Did you know that when you are dealing with numbers, by default, .NET will do, or try to do exactly what you tell it to do? If you tell it to do the impossible, it will do the next most logical thing. It won’t throw any errors in the process.
No, neither did I. But then, most of the time I don’t write code where this would matter, and I bet you don’t either.
So here are some examples.
What happens if you write code that looks like this?
long l = long.MaxValue;
Well, if we are working with the compiler set with default settings, you’ll end up with the variable l having the value of 9223372036854775807 and the value of i having the value of -1.
Why is this? Because, by default, .NET does not check for numeric overflow.
However, if you wanted to add the ability to check for numeric overflow, you would wrap this code in a checked block.
You can force all of your code to be checked by changing your compiler settings. In Visual Studio 2013, go to Project Properties –> Build. Click the “Advanced” button (bottom right corner) and then check the “Check for … overflow” checkbox.
Once you’ve done that, all of your code will be checked by default. If you don’t want to check for overflows while you are working on a block of code, for performance reasons, wrap the code in an unchecked block instead.
Now, what about putting a floating point number in an integer?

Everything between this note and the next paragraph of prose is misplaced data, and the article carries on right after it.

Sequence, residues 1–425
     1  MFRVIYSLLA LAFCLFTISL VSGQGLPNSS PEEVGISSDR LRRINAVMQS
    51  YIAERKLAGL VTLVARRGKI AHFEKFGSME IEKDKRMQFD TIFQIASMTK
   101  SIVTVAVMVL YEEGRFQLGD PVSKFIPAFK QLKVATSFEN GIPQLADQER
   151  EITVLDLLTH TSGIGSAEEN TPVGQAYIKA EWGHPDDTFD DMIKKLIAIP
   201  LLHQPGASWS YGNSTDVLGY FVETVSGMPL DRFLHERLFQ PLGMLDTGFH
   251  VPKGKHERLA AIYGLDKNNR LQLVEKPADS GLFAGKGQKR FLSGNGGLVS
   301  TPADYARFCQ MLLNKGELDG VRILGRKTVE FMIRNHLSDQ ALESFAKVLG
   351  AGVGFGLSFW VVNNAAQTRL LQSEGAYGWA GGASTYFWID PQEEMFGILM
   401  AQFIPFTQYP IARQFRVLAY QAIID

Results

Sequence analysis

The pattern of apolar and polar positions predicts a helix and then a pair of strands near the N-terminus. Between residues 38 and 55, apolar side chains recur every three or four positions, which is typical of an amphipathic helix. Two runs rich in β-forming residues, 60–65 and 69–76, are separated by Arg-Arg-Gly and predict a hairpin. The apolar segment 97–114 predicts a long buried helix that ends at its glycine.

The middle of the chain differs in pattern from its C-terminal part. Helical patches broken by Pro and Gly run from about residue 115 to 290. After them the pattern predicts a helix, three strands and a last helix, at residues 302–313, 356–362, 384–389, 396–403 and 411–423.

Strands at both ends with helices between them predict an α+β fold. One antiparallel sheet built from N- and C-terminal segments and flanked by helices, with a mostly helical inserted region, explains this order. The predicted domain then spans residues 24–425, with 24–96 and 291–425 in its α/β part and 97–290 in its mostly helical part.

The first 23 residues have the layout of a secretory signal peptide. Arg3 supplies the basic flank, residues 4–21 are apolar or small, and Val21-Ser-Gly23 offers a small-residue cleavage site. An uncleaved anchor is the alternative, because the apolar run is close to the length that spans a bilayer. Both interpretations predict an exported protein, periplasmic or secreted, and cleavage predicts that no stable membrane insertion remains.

Let’s say that instead of a long, we use a float.
First, let’s look at a simple case:
float l = 3.563f;
In this case, you’ll end up with f holding a floating point number of 3.563 and i holding an integer of 3. The rule is pretty simple, floats always have the decimal portion stripped off and assigned to the integer, short, or long.
But what happens if we use float.MaxValue?
float f = float.MaxValue;
In this case, what you’ll end up with is a very large floating point number and an integer of -2147483648. Basically it does it’s best to convert a really large integer number into the int and just uses what it can. Not really what you probably have in mind.
The solution is the same. Use a checked block or compile with checked turned on.
Now, you would expect that if I had a really large double and tried to assign that to a float, something similar would happen.
You’d be right, kind of.
If you assign a double that is too large for a float to a float variable, the float variable will end up with infinity. But, unlike the shorts, ints, and longs, you can’t wrap the code in a checked block to cause it to throw an exception. No. In this case you must always check for infinity once you’ve done the assignment.
double d = double.MaxValue;
So there you have it. This is how you really deal with numeric casting in your CSharp code.